The Global Financial Crisis as well as the Eurozone Banking and Sovereign Debt Crisis revealed deficiencies in bank regulation which made banks vulnerable to stress in interbank markets as well as to stress in sovereign debt markets. Deteriorating banks' balance sheet quality weakened banks’ loan supply. Especially loans to small and medium-sized enterprises became restrictive during these times of stress. Among reforming bank supervision, the European Commission strengthend bank regulation by applying the Basel III recommendations to European law in form of the Capital Requirements Regulation (CRR) and the Capital Requirements Directive IV (CRD IV). CRR and CRD IV require banks to increase the quality and the quantity of their equity capital base. Moreover, it sets new standards for banks' liquidity holdings as well as for their funding base. Reforms are based on the fact that banks, which faced the most severe problems during crisis times, were undercapitalized and relied too much on short-term wholesale market funding. However, it must be acknowledged that banks, which fared more well during stress times, had a larger capital base and a more stable funding base. Although the different bank business models fared differently well or poorly during stress times, CRR and CRD IV apply to all European banks equally. The basic question arising here is: if CRR and CRD IV made banks more stable and fostered a more stable loan supply, or if the regulatory measures lead to a lower capacity of banks to lend to the real economy.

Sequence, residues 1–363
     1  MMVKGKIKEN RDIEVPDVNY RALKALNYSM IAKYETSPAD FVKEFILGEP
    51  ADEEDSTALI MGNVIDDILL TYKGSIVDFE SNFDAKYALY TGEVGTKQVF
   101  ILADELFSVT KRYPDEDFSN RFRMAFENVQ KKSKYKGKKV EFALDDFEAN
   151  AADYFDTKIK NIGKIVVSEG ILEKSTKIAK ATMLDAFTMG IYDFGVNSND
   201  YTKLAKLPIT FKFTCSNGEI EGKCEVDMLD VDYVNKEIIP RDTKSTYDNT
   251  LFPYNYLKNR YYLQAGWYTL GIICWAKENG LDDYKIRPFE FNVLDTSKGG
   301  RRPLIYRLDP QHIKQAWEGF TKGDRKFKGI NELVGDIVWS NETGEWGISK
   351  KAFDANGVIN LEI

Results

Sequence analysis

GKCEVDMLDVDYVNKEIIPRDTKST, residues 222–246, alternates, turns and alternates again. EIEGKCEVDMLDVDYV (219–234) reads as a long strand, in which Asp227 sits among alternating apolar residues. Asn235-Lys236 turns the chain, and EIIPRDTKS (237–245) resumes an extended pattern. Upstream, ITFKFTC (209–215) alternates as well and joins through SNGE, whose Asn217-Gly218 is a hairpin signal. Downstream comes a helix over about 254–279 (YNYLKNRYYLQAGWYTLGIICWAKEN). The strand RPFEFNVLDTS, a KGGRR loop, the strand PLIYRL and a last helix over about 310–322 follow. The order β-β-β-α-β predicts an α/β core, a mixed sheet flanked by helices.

The European Parliament and the Council introduced review clauses into the text of the CRR, which mandate the Commission to conduct an analysis of how the provisions of CRR affect banks’ capacity to finance the economy. The public consultation runs until October 7th, of 2015 and aims to address (European Commission, 2015) the following aspects:

  • the role of CRR and CRD IV in bank recapitalisation,
  • the impact of CRR and CRD IV on bank lending in general,
  • the impact of CRR and CRD IV on lending to small and medium-sized enterprises,
  • the impact of CRR and CRD IV on lending to infrastructure projects,
  • the proportionality, i.e. how CRR and CRD IV affects different bank business models,
  • the scope for simplification, and the single rulebook.

The Cologne Institute for Economic Research (IW Köln) takes part in the consultation by answering the Commission’s consultative document.